NIS, Serbia (Reuters) - Convicts are helping Serbia manufacture surgical masks and other protective gear following a surge in demand caused by the coronavirus outbreak.
In a correctional facility in the southern city of Nis on Friday, about 120 convicts were cutting and sewing cloth and churning out hundreds of face masks. They also produce cotton work clothes for medical staff.
The convicts’ work has been praised by President Aleksandar Vucic.
Since the coronavirus spread to Serbia earlier this month, face masks have been a sought-after commodity in the Balkan country and are still in short supply.
Dejan Carevic, head of the justice ministry’s department for penal sanctions, said the masks were mainly used to cover the needs of the department’s staff but any surplus was handed over to the state for distribution elsewhere.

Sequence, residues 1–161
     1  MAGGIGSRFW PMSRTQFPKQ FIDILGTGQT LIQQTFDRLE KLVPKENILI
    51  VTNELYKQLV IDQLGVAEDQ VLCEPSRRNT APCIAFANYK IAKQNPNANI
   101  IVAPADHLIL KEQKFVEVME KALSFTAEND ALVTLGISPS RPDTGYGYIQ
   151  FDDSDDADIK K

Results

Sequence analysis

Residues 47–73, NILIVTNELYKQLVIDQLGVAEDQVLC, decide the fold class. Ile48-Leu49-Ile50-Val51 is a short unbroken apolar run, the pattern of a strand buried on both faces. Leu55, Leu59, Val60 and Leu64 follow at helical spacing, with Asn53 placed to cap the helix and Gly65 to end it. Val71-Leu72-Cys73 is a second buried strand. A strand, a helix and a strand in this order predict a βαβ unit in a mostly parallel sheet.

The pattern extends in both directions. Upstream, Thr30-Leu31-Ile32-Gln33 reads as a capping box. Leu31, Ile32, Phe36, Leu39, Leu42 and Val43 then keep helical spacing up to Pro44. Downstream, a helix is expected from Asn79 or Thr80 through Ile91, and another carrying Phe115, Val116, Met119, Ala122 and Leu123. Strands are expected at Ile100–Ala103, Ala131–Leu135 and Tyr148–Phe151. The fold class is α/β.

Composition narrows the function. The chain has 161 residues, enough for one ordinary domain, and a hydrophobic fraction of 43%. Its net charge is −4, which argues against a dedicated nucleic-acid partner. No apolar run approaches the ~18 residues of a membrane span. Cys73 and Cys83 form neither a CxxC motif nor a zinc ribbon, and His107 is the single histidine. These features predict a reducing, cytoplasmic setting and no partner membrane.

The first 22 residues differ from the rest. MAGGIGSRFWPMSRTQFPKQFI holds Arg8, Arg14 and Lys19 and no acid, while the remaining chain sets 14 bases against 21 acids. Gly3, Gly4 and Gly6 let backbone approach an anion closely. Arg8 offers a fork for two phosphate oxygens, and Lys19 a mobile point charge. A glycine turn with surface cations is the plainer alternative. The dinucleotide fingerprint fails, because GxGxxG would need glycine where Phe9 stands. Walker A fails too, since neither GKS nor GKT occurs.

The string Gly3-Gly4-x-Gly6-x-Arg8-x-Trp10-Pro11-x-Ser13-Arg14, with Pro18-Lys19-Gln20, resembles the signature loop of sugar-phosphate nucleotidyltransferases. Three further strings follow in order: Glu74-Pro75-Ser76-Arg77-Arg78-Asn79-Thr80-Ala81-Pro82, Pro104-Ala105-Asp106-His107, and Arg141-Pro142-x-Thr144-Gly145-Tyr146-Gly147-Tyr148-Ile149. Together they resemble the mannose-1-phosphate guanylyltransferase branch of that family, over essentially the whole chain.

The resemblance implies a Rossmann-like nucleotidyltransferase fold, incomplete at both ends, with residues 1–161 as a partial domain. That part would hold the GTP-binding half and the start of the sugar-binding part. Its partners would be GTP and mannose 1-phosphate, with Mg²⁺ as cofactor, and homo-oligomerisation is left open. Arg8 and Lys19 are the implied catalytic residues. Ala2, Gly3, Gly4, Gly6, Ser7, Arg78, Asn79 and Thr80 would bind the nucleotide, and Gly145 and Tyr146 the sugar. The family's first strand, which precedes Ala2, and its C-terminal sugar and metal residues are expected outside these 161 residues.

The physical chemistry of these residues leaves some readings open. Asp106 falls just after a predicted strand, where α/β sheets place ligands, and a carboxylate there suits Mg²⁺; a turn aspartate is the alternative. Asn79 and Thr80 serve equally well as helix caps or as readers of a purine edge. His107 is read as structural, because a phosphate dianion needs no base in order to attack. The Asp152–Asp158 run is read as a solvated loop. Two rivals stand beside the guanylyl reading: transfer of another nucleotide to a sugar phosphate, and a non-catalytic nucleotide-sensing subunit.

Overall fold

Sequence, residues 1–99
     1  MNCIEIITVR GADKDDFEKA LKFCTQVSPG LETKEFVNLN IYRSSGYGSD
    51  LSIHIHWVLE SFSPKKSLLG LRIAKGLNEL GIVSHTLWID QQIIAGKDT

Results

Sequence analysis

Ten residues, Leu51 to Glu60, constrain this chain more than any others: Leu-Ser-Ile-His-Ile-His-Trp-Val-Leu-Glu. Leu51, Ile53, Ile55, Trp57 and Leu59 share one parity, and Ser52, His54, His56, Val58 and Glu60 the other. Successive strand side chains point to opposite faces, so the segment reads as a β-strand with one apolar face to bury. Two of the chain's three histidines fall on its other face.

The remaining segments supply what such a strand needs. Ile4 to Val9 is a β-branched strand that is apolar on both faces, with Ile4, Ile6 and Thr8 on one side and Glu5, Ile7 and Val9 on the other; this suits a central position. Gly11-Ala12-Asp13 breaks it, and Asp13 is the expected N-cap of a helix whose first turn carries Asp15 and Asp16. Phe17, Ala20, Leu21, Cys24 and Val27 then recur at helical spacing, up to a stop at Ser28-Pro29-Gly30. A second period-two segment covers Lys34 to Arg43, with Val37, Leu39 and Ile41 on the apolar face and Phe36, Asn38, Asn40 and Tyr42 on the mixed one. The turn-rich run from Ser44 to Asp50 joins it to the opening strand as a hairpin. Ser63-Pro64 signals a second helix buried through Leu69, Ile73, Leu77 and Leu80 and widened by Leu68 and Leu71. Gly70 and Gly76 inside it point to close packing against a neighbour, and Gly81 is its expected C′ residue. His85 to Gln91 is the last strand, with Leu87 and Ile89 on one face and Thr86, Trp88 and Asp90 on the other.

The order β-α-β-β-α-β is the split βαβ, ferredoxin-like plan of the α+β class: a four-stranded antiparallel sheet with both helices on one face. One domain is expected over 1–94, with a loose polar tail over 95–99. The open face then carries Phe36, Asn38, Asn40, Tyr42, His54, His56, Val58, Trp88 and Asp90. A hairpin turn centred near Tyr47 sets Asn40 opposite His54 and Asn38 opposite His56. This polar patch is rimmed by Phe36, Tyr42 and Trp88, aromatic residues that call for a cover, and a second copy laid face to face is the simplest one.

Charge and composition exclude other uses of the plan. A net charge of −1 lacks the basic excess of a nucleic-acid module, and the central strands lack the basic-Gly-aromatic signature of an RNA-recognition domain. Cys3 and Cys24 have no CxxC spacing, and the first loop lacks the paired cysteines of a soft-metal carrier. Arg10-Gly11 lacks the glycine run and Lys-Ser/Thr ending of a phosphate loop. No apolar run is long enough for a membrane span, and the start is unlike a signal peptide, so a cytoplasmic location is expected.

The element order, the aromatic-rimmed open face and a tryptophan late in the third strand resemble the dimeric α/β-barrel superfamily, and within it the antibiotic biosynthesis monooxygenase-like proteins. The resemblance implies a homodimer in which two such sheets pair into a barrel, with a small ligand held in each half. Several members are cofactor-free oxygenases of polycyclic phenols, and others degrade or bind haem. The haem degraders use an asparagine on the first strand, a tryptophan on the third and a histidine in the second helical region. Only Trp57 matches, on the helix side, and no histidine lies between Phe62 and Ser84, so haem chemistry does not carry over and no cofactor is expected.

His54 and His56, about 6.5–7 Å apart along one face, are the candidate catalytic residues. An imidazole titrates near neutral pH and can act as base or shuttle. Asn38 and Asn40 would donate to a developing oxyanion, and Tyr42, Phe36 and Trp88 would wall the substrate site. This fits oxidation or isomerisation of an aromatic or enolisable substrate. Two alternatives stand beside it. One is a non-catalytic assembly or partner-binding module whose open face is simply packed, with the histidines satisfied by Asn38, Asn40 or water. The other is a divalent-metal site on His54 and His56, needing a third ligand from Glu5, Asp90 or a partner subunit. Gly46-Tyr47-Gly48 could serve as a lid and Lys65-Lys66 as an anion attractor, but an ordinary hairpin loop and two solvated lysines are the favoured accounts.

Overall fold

The production of protective clothing began in four correction facilities before the coronavirus spread to Serbia, but in recent weeks the output has risen threefold to about 3,000 pieces per day.
“They (convicts) could not wait to demonstrate they could be useful and ... in a way atone for whatever they are in there for,” Carevic told Reuters in Belgrade.
Although many convicts volunteer to work, not all qualify as they must first be cleared to use sewing machines, Carevic said.
Serbia has shut borders, airports and internal passenger transport to curb the spread of the virus. It has also introduced a night curfew and ordered the elderly to stay indoors. In line with a state of emergency imposed on Sunday, it has also deployed the military at its borders.
Serbia has 118 confirmed coronavirus cases and has recorded no deaths from the virus.
Reporting by Fedja Grulovic and Branko Filipovic; Writing by Aleksandar Vasovic; Editing by Timothy Heritage